Management of the patient with a large anterior mediastinal mass: recurring myths

Curr Opin Anaesthesiol. 2007 Feb;20(1):1-3. doi: 10.1097/ACO.0b013e328011390b.


Purpose of review: This editorial review summarizes the current anesthetic management of patients with anterior mediastinal masses.

Recent findings: With increased appreciation of the correct intraoperative management of these cases severe intraoperative respiratory or cardiovascular collapse is less likely to occur during general anesthesia. Maintenance of spontaneous ventilation is the anesthetic goal whenever possible. Major life-threatening complications now occur more frequently postoperatively.

Summary: General anesthesia is not safe in patients with severe positional symptoms from an anterior mediastinal mass. With modern imaging techniques, general anesthesia is rarely needed for diagnostic procedures in these patients. Preoperative flow-volume loops are not useful in the management of these patients and the concept of cardiopulmonary bypass on 'standby' is not appropriate during induction of anesthesia.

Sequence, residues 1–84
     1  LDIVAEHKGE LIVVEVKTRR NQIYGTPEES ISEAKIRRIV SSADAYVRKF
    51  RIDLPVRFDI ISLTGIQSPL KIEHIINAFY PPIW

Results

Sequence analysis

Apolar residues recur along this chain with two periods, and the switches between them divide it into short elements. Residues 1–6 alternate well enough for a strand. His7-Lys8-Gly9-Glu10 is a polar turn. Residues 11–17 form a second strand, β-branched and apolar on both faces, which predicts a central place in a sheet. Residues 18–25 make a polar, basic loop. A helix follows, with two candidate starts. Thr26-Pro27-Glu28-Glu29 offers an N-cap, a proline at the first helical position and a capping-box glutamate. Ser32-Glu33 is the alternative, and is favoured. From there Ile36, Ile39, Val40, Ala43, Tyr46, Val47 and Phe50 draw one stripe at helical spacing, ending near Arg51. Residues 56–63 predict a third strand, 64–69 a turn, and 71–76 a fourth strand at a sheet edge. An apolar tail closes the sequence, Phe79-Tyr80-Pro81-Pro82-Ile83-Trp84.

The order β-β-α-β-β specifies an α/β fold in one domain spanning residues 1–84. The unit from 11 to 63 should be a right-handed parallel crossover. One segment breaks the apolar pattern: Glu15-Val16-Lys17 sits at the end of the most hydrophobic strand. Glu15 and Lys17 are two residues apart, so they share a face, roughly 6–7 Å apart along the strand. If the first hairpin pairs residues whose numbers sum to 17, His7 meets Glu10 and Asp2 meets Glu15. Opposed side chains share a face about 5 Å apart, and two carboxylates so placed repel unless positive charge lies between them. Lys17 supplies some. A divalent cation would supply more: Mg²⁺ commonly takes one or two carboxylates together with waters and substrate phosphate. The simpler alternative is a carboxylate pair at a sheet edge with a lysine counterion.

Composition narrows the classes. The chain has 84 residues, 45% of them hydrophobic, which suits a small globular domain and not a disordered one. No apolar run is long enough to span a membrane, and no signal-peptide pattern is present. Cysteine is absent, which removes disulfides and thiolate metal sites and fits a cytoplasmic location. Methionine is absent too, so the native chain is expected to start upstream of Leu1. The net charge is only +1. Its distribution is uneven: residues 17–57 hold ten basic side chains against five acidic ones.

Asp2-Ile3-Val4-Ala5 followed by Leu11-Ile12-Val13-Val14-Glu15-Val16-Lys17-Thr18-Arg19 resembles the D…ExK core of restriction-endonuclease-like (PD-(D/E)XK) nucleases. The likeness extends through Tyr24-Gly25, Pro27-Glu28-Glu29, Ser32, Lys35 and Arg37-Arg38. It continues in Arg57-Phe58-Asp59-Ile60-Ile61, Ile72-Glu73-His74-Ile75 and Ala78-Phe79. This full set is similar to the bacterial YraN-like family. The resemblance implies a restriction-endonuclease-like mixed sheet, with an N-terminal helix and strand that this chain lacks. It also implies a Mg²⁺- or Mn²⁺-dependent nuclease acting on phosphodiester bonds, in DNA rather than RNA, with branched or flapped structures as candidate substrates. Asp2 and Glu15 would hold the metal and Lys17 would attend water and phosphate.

Publication types

  • Editorial

MeSH terms

  • Adult
  • Airway Obstruction / diagnosis
  • Airway Obstruction / etiology
  • Anesthesia / adverse effects*
  • Anesthesia, General
  • Child
  • Humans
  • Intraoperative Complications / chemically induced*
  • Intraoperative Complications / diagnosis
  • Intraoperative Complications / therapy*
  • Mediastinal Neoplasms / complications*
  • Mediastinal Neoplasms / surgery*
  • Shock / diagnosis
  • Shock / etiology
  • Tomography, X-Ray Computed